Israel slams Germans' visit with Iranian Shoah denier

Israeli officials call German legislators' decision to meet with Ali Larijani, the speaker of Iran’s parliament, "especially regretful."

Larijani 311 (photo credit: Munich Security conference)
Larijani 311
(photo credit: Munich Security conference)
BERLIN – Israeli officials have sharply criticized five Bundestag deputies for meeting in Teheran this week with Ali Larijani, the speaker of Iran’s parliament, who has defended his government’s denial of the Holocaust.
“It is especially regretful that German legislators met with Holocaust deniers,” an Israeli official told The Jerusalem Post.
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Larijani defended Iran’s denial of the Holocaust at the Munich security conference in 2009, saying his country has “different perspectives on the Holocaust” and no laws barring such denial.
The German legislators reportedly met on Monday with Foreign Minister Manouchehr Mottaki, who delivered a speech at the 2006 international Holocaust denial conference held in Teheran.
The Israeli officials said the German “visit is counterproductive and regretful, and clearly sends the wrong message to the Iranian regime. It is quite surprising that German legislators choose to hold an official visit to Iran, at the same time when the German government, together with other leaders of the democratic world, work hard to tighten the sanctions on Iran in order to prevent it from threatening the world with nuclear capabilities.”
According to Left Party deputy Lukrezia Jochimsen, a member of the German delegation, the trip also entails meetings with Gholam-Ali Haddad-Adel, the head of Iran’s parliamentary cultural committee and Iran’s state-controlled Press TV.
Haddad-Adel spoke in support of Iran’s fatwa calling for the murder of British novelist Salman Rushdie because he “defamed Islam.” According to a BBC documentary broadcast in July, Useful Idiots, Press TV played a significant role in violating human rights during the protests against the reportedly rigged Iranian presidential election in 2009.
The Bundestag issued a statement noting that the legislators’ meeting with their Iranian counterparts is part of a cultural dialogue and exchange program between the two legislatures.
When asked about Israel’s criticism of the trip, a spokeswoman for the German Foreign Ministry told the Post by e-mail on Tuesday that “the Bundestag decides in its own jurisdiction and responsibility over trips and its committees. The Foreign Ministry supports the members of the Bundestag with respect to the realization of the trips. As a basic principle, the German government does not evaluate these trips.”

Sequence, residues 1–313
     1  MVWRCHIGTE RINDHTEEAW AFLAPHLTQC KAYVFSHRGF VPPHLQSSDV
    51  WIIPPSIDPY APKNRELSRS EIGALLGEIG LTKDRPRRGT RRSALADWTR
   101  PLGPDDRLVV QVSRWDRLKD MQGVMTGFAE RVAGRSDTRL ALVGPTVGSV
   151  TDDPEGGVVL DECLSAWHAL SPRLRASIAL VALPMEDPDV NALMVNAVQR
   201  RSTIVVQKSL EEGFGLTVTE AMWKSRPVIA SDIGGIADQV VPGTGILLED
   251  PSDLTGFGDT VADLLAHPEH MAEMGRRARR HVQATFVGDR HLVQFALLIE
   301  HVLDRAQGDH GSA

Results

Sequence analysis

Asked if the trip contradicts the international efforts to isolate Iran because of its nuclear program, the Foreign Ministry spokeswoman wrote, “The position of the German government on the Iranian nuclear dossier remains unchanged.”
Peter Gauweiler, chairman of the Bundestag’s cultural and education committee, arrived in Iran last week with committee members from a cross section of German parties. Jochimsen from the Left Party, Claudia Roth from the Green Party, the Social Democrat’s Günter Gloser, and Monika Grütters, who, like Gauweiler, is a member of the conservative Christian party (CDU/CSU), are on a six-day visit.
When asked about Gauweiler’s decision to hold meetings with Iranian officials who have denied the Holocaust, Christoph Tiné, a spokesman for Gauweiler, told the Post by e-mail that he could not reach Gauweiler in Iran for a comment. Sascha Götz, a spokesman for Gloser, told the Post that the visit revolves around whether “dialogue is a means or not” with Iran. Götz declined to answer questions about the purpose of meeting Iranians who denied the Holocaust.
Emanuele Ottolenghi, a senior fellow at the Foundation for Defense of Democracies in Washington and an expert on EUIranian relations, told the Post that “The decision by the German Federal parliament to send a delegation to Iran sends the wrong signal and runs contrary to the spirit of current European policy vis-à-vis Iran.
The European Parliament has just canceled a visit to Iran because of the regime’s refusal to comply with basic conditions – that the stoning sentence [against Sakineh Mohamamadi Ashtiani] be rescinded and that delegates be able to meet with whomever they please.”
Ottolenghi added, “Clearly, their intention was to devote at least part of the visit to speaking to dissidents, Green Movement leaders and the democratic opposition.
It is remarkably disappointing to see a German delegation travel to Iran and meet the stalwarts of the regime and the people who share much responsibility for the internal repression at a time when there are ample signs that support for the regime is fast eroding. This trip simply should not happen.”
The Bundestag deputies’ trip prompted criticism from the German chapter of the Stop the Bomb NGO, in a statement headlined, “The federal committee legitimizes the executioners of the Iranian opposition.”
The group’s spokesman Michael Spaney said, “This subservience of German legislators to the murderers and anti-Semites of the Iranian regime is another slap in the face of the democratic Iranian opposition and civilized humanity.”
Stop the Bomb singled out the German Green Party for its claim to support the Iranian opposition as “hypocritical.”
Ali Mahdjoubi, a spokesman for Roth, the Green Party deputy in Iran, told the Post in a telephone interview that “one cannot take Stop the Bomb seriously,” because they “only want to isolate Iran.”
Nasrin Amirsedghi, an intellectual who fled the Islamic Republic and has written extensively about German-Iranian relations, told the Post that the visit is helping “to maintain a barbaric system” and is an “appeasement trip.” It will not advance human rights, nor aid in the struggle against the repression of women in Iran, she said.